To see many other great projects, check out The Brambleberry Cottage's Thursday Night Link Party,  Funky Junk Interiors Saturday Night Special, and Sew-licious Home Decor's Show-licious Craft Showcase where you'll find creative projects by a host of talented folks.  Have a great weekend!


  1. These are GORGEOUS Sherri!!! I have an addiction to pumpkins and fabric, so this fits me perfectly! :) Thanks for sharing.

    Amy Hendricks

    1. Thank you, Amy! It's so nice to see someone is actually reading my blog :) I always appreciate feedback. Hope you had a great weekend at Three Speckled Hens. Your booth looked awesome!

  2. Beautiful pumpkins! Compliments!

  3. Well done well done! I love how dimensional your pumpkins look and the how to for the twisted twine is great. I will definitely use it. Thanks for including your patterns, too!

    1. Thank you, Ann. And you're very welcome. Always happy to share when I come up with something that I "think" is original; although with so many talented and creative people out there, I'm sure it's probably been done before. Have a great weekend.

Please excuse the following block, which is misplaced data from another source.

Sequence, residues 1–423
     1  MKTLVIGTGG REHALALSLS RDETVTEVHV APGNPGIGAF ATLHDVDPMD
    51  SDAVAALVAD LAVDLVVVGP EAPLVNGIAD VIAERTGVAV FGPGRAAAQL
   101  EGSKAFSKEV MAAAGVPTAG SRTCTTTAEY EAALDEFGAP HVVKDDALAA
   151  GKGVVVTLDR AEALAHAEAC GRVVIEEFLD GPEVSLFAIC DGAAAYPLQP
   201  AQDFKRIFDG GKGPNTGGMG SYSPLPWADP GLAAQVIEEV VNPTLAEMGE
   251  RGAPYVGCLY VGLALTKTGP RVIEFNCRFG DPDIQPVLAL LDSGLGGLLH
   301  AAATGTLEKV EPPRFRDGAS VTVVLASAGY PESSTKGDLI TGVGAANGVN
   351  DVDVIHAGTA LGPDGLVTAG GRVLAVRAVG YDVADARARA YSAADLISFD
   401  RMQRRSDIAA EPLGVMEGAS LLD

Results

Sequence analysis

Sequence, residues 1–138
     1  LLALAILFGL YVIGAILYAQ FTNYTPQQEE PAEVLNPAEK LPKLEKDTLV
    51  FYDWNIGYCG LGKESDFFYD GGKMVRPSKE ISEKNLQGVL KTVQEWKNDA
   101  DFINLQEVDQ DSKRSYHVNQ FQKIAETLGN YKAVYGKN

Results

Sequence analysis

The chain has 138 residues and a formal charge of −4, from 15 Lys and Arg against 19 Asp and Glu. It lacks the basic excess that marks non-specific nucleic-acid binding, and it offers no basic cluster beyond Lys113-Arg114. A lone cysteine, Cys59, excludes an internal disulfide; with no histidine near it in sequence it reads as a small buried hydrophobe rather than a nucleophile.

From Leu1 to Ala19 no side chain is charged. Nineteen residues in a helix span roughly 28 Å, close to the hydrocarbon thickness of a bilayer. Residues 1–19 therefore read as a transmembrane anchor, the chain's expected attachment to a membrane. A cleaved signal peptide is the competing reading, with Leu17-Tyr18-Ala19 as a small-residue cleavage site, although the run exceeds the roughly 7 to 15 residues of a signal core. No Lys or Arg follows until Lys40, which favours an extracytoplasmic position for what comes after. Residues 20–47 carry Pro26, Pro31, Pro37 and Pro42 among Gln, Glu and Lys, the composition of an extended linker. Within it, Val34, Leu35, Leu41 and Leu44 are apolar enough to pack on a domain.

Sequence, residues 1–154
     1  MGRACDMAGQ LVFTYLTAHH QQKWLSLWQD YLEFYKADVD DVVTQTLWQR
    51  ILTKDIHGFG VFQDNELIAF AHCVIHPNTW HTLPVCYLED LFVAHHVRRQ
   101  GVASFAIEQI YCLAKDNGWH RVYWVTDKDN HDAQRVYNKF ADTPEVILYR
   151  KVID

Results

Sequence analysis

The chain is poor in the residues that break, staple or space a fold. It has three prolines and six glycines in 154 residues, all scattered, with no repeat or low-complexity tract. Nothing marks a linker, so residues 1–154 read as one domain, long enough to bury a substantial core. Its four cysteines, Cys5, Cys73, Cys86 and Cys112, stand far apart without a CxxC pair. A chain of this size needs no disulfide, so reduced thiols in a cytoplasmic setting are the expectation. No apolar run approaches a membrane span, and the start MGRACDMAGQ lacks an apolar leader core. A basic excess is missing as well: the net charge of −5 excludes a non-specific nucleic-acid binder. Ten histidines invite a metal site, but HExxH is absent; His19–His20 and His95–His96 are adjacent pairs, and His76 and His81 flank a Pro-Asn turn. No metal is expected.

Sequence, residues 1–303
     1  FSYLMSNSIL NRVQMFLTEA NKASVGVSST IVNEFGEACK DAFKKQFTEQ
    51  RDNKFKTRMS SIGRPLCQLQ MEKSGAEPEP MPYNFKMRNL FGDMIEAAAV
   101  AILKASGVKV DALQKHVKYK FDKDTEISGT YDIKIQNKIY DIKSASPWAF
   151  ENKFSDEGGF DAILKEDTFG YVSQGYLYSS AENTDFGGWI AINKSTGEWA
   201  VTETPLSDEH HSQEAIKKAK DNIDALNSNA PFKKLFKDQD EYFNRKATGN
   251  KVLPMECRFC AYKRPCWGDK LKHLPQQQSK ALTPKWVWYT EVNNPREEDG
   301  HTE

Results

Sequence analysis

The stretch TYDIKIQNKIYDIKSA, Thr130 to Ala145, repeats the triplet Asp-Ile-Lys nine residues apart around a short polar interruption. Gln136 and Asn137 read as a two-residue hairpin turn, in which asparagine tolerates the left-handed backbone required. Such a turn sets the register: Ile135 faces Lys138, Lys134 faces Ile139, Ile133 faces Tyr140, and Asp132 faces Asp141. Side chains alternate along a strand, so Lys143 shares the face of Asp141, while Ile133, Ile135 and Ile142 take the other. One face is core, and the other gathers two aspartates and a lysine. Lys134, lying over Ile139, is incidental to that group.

4. Sooo cute! I love it! I have a craft party going on if you would like to be a part of. :)

    xoxo, Marti

    1. Thank you, Marti for following my blog and the nice invitation. I didn't see this until this morning so I hope my addition made it into your showcase.

  5. I so love the velvet pumpkins in those rich colors. The twine is SO beautiful! i LOVE how elegant yet rustic they are!!! ;)

    1. Thank you so much! That's me....I love rustic and I love really yummy fabrics and trims...thanks for your comment. Hope you'll stay tuned for more projects.


  6. Wow, what a pretty pumpkin patch, Sherri! Your lovely project reminds me that I have a stash of vintage fabrics awaiting its own transformation. ;)

    Thanks for linking to Time Travel Thursday. I hope to see you each week. Be sure to stop in tonight to see yourself featured.

    Liz @ The Brambleberry Cottage

    1. Thank you Liz, for the feature! I hope to link up as often as I can produce new projects. I'm still very new to this and enjoy all feedback. Thanks you for hosting Time Travel Thursday each week. You are greatly appreciated!


  7. Wow, that seems like a lot of work but they turned out so cute! Nice job!

    1. Thank you, Karee. I find great pleasure and relaxation in sewing, so it doesn't feel like work. I'm glad you enjoyed this post. Hope you'll check back from time to time. I did look at your site as well and will follow your creative journey. Nice to meet you!